Prenups can be a significant source of contention between couples as they set out to embark on the next stage of their journey together.

Should we get a prenuptial agreement? Should we not get a prenuptial agreement? The debate can be intense and can lead to a lot of negativity at a time that is supposed to be one of the happiest in your lives.

I don’t think there’s one right answer. In fact, whether you should or shouldn’t get a prenup can be very situation specific.

To help you make the best decision, Team Kabuk has taken a closer look at both sides of the story and compiled a list of the usual suspects when it comes to the arguments for and against. Full disclosure: while I personally believe strongly in the prenup, I do not actually have one (either making me a huge hypocrite or the ideal person to write this story).

The case against getting a prenup

Most of the arguments we’ve heard against the prenuptial agreement were based on trust and belief in the relationship.

Here’s some of the things we heard when talking to those not in favour of the prenup:

  • Prenups mean less incentive to work on making your marriage last. They give you an easy way out.
  • Prenup are coercive. Typically the stronger party (financially) in a relationship presents the prenup to their partner. The other party may not feel they have a choice if they want the wedding to go ahead.
  • Prenups are unbalanced, favoring the party with more assets.
  • Prenups are unromantic. Think Barney and Quinn in How I Met Your Mother. To them the prenup represented a lack of trust in each other, which ultimately caused them to not go ahead with their marriage (on the flip side, one might argue that without the discussions over the prenup they might not have identified their issues and gone ahead with a disastrous marriage) .
  • “I don’t believe in divorce.”

The case for getting a prenup

By way of contrast, supporters of the prenup argue that with the Canadian divorce rate fluctuating between 35% and 42% prenuptial agreements are just good sense.

Think of car insurance. No one (or at least no one I know) gets into that car planning on having an accident, yet we’re all required to get insurance anyways on the off-chance that we do. By that token, we enter into marriage hoping that it will last forever. A prenup is there as support in the case that that marriage ends.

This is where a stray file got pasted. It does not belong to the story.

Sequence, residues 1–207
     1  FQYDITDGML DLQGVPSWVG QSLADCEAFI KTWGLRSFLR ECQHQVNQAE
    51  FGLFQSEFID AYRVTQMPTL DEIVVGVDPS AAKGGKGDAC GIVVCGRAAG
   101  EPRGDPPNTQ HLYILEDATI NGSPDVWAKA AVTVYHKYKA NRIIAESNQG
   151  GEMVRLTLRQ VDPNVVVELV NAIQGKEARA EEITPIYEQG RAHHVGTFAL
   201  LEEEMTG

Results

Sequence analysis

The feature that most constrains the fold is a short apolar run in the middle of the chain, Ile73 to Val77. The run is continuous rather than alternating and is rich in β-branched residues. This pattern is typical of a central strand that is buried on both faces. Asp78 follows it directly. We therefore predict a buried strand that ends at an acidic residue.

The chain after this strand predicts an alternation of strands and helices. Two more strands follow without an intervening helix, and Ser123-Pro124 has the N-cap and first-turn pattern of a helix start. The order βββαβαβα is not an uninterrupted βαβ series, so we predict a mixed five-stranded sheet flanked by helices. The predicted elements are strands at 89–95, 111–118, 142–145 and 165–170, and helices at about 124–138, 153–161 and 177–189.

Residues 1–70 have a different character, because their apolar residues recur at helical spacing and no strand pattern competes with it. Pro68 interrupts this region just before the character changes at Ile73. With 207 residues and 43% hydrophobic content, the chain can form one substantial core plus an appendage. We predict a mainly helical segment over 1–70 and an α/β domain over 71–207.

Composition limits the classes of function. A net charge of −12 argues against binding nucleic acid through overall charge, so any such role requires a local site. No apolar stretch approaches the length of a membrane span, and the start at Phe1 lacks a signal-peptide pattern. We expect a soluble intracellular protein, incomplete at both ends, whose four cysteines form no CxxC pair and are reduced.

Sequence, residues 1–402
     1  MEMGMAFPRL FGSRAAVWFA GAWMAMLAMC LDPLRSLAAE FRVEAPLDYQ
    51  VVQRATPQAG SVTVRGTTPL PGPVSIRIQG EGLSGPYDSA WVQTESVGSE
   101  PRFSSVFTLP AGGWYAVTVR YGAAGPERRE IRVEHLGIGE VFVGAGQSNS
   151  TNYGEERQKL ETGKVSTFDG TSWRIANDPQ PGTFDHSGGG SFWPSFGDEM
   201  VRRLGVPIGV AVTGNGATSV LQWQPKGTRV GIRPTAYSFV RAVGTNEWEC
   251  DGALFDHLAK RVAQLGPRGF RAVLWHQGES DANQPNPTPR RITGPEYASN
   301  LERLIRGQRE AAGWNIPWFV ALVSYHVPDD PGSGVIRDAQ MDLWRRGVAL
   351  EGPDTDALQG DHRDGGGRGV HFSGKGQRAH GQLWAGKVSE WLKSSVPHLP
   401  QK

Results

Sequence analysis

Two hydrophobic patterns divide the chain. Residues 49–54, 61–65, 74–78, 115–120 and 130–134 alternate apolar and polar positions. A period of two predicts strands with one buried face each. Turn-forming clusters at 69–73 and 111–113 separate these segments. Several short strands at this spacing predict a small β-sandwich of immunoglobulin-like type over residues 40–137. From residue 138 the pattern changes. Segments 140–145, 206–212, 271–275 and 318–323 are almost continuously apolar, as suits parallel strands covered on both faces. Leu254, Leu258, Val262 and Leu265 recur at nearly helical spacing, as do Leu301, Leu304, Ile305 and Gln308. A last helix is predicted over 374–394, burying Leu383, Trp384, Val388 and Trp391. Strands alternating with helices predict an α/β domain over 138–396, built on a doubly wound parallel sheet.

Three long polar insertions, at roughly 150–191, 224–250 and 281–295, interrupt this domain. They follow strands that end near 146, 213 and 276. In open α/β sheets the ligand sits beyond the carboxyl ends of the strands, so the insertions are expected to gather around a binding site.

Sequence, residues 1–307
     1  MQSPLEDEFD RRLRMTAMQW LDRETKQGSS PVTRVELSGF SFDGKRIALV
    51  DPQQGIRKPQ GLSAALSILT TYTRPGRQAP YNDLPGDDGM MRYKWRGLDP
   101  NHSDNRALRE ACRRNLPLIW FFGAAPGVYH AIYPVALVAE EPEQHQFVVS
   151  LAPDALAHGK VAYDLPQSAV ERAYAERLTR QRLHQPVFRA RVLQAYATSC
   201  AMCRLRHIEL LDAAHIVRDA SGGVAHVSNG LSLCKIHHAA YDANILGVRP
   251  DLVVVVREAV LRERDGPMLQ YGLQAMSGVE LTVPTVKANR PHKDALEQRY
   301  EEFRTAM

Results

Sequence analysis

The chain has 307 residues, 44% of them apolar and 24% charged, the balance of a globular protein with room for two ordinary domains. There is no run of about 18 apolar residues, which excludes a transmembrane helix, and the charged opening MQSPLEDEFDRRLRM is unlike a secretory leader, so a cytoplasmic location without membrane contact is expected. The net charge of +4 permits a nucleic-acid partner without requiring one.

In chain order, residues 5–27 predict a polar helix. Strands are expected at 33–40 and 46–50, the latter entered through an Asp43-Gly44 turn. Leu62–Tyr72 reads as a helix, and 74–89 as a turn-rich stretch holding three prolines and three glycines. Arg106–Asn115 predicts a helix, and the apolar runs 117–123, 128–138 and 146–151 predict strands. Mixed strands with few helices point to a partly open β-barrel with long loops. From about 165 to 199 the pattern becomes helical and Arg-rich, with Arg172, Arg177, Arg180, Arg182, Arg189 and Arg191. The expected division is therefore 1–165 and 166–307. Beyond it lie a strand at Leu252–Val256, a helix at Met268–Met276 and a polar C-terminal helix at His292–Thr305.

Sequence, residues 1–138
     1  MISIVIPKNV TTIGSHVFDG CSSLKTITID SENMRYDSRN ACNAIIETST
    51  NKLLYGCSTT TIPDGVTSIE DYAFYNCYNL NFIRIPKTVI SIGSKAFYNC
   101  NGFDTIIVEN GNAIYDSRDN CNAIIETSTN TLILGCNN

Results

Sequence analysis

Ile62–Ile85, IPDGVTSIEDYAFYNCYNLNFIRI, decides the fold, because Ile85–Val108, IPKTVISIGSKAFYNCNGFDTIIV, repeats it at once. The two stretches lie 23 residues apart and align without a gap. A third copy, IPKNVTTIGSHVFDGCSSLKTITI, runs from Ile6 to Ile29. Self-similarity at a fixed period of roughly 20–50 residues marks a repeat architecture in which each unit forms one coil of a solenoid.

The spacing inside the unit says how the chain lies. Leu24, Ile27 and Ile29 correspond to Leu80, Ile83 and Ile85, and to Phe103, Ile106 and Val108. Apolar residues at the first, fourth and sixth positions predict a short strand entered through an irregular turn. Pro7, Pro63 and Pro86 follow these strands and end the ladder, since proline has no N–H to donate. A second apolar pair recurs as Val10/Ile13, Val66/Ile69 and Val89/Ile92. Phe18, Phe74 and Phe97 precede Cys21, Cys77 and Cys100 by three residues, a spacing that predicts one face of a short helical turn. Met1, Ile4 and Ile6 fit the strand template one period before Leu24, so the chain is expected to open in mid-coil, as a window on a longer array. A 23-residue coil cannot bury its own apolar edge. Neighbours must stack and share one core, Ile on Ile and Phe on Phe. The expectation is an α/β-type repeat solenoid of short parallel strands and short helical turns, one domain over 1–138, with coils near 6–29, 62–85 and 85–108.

Here’s some of the things we heard when talking to supporters of the prenup:

  • Prenups allow you to hash out ‘what if’ details while you are still on good terms.
  • Prenups can serve as a test of how well you can communicate on important issues, helping you to identify issues. If you can’t come to an agreement on important things, perhaps there is a case for reconsidering marriage.
  • Prenups make more sense today than in yesteryear. The average marriage age has increased and people have more assets than previous generations did.
  • Prenups are important to protect children from a previous marriage.

Are people who get a prenup more likely to divorce?

The jury is still out on whether people who get prenups are more likely to divorce. Indeed, I’ve come across sources that support both sides (and none that seem to be statistically significant). If you see a good source, please send it our way!!!

Looking for more information on getting a prenuptial agreement in Canada? We can help! Check out our primer on prenuptial agreements or use Kabuk to find family lawyers and book an appointment with the best family lawyer for your needs. It’s free to use!

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